If the focal length in the symmetrical mirror 18 is F and if f=F, then the focal length of mirror 16 in the vertical direction is 6f/5 and in the horizontal direction is f. Thus there is introduced approximately a 20% difference in focal length to achieve this correction. This can be accomplished, not only by a toric lens, but also by tilting a spherical mirror on its vertical axis, by a spherical lens plus a cylindrical lens.
FIGS. 4 and 5 illustrate the envelope of the laser beam in the horizontal and in the vertical plane. It can be seen that the beam focus pattern is the same for both the vertical and the horizontal coordinate from toric mirror 16 to the fundus. The effect of the the toric lens 16 on the beam shape not the envelope or pattern is to render it asymmetrical. In order to correct this beam asymmetry an anamorphic beam shaping lens 13 is placed between the laser source 11 and the horizontal scanner 15, focusing the beam at the horizontal scanner 15 in the vertical plane and at a point beyond the horizontal scanner in the horizontal plane. This correction can, for example, be accomplished with cylindrical lenses.
In one commercially available rotating polygon the run out error introduced by the lack of parallelism is cited as ±30 seconds, and the sum of these deviations is 60 seconds=1 minarc=1/60th of a degree. If the raster is, for example, 25 degrees, then the sum of all of the deviations equals 1500 seconds, or 1/3 of a pixel. Such an error would be visually observable as a bunching of raster lines.
With the cross scan error correction system described, this visual effect is substantially removed, indicating that the sum of the deviations left after correction is less than 1/30 pixel.
While the embodiment described has been for a scanning ophthalmoscope it will be appreciated that the same principles apply to other two coordinate scan systems such as scanning microscopes.
|Cited Patent||Filing date||Publication date||Applicant||Title|
|US4768873 *||Jun 19, 1986||Sep 6, 1988||Eye Research Institute Of Retina Foundation||Double scanning optical apparatus and method|
|Citing Patent||Filing date||Publication date||Applicant||Title|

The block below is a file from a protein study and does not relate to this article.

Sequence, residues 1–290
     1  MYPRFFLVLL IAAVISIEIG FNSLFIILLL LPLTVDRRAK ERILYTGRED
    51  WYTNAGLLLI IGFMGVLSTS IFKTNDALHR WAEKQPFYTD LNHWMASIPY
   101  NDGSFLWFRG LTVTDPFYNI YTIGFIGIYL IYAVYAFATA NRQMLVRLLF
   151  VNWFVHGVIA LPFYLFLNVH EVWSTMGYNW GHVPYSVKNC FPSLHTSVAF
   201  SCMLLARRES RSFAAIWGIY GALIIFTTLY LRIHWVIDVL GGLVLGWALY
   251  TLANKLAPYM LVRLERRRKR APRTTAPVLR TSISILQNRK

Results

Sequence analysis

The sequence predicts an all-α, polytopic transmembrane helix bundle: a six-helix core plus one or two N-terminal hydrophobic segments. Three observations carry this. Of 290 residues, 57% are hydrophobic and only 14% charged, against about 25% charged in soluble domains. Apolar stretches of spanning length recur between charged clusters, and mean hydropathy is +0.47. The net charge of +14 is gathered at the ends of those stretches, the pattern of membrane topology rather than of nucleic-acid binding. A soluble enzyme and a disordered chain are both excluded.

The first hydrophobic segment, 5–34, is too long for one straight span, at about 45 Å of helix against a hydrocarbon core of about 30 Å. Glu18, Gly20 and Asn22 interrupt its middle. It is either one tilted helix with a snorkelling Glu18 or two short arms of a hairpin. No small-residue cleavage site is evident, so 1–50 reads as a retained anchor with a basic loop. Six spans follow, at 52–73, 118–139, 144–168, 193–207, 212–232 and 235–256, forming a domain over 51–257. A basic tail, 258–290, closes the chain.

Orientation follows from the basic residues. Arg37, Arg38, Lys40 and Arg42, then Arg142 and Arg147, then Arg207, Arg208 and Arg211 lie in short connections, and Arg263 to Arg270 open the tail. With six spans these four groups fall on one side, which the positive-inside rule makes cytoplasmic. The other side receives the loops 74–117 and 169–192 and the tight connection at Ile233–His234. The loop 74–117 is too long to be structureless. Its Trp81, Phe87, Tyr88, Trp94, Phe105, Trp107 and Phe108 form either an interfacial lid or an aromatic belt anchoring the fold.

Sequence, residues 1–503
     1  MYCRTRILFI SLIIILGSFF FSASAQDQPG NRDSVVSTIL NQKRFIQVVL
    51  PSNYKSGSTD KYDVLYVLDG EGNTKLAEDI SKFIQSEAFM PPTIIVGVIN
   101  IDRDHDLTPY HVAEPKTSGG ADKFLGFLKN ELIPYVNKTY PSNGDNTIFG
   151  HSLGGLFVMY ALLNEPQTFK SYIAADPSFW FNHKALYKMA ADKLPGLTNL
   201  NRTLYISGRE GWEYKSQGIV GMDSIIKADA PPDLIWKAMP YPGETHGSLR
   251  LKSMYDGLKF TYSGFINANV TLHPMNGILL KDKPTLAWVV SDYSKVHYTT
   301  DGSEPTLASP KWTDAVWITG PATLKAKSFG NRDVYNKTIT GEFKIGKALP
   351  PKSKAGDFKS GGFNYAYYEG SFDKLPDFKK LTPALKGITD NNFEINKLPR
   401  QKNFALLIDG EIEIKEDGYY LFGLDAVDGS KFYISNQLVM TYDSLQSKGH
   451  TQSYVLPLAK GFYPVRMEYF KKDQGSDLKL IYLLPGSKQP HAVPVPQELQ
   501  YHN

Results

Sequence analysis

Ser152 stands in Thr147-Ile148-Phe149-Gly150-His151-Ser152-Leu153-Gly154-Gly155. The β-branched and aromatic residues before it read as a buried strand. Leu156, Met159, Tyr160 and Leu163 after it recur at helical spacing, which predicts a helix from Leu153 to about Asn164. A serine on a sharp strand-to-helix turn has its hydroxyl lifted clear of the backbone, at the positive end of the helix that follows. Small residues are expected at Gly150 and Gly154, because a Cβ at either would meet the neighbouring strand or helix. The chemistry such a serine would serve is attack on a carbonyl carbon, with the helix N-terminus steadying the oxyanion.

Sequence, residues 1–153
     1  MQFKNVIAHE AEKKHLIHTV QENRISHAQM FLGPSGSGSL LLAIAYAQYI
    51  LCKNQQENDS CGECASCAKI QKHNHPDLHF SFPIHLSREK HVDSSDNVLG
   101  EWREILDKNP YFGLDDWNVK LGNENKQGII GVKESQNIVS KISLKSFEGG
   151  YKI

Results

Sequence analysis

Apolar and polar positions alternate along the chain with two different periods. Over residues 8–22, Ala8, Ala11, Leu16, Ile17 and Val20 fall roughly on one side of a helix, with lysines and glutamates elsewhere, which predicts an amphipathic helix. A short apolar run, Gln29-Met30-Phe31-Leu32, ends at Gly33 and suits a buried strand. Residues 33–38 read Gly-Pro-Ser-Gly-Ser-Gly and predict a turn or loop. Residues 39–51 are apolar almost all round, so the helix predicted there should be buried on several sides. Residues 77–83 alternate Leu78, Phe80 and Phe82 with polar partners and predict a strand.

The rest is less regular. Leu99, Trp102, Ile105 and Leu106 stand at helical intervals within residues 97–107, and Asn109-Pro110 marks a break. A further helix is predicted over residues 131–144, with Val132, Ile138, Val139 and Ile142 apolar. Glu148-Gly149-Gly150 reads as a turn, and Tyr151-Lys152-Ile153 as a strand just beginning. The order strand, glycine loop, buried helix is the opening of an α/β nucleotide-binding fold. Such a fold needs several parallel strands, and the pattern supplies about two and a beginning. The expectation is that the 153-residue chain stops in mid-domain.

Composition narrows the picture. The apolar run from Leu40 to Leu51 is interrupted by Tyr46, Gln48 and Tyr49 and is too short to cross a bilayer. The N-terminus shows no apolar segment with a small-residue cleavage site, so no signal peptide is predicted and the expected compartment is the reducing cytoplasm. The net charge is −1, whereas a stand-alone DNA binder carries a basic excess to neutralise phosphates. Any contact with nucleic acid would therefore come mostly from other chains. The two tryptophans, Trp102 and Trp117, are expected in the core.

|US5202711 *||Apr 10, 1992||Apr 13, 1993||Vorrichtung Zur Fesichtsfeldprufung||Apparatus for examining the field of vision|
|US5627689 *||Apr 7, 1995||May 6, 1997||Nikon Corporation||Light-supplying optical device|
|US5760872 *||Feb 28, 1996||Jun 2, 1998||G. Rodenstock Instrumente Gmbh||Apparatus for aligning a focused beam of light|
|US5815242 *||Nov 9, 1994||Sep 29, 1998||Optos Public Limited Company||Wide field scanning laser opthalmoscope|
|US5859734 *||Jan 11, 1995||Jan 12, 1999||Nikon Corporation||Light-supplying optical device|
|US5880880 *||Jul 15, 1996||Mar 9, 1999||The General Hospital Corp.||Three-dimensional scanning confocal laser microscope|
|US5995283 *||Nov 12, 1998||Nov 30, 1999||General Hospital Corporation||Three-dimensional scanning confocal laser microscope|
|US5999302 *||Jun 19, 1998||Dec 7, 1999||Speedring Systems, Inc.||Polygon scanner having a fluid film bearing and active correction of cross-scan and in-scan errors|
|US7416303 *||Aug 25, 2005||Aug 26, 2008||Nidek Co. Ltd.||Ophthalmic observation apparatus|
|US20060055885 *||Aug 25, 2005||Mar 16, 2006||Nidek Co., Ltd.||Ophthalmic observation apparatus|
|WO1995013012A2 *||Nov 9, 1994||May 18, 1995||Besca Ltd||Scanning ophthalmoscope|
|U.S. Classification||351/221, 351/205|
|Sep 12, 1988||AS||Assignment|
Owner name: EYE RESEARCH INSTITUTE OF RETINA FOUNDATION, A COR
Free format text: ASSIGNMENT OF ASSIGNORS INTEREST;ASSIGNOR:WEBB, ROBERT H.;REEL/FRAME:004943/0331
Effective date: 19880907
|Jul 16, 1993||FPAY||Fee payment|
Year of fee payment: 4
|Nov 18, 1993||AS||Assignment|
Owner name: SCHEPENS EYE RESEARCH INSTITUTE, INC., THE, MASSAC
Free format text: CHANGE OF NAME;ASSIGNOR:EYE RESEARCH INSTITUTE OF RETINA FOUNDATION;REEL/FRAME:006766/0395
Effective date: 19911224
|Aug 26, 1997||REMI||Maintenance fee reminder mailed|
|Jan 18, 1998||LAPS||Lapse for failure to pay maintenance fees|
|Mar 31, 1998||FP||Expired due to failure to pay maintenance fee|
Effective date: 19980121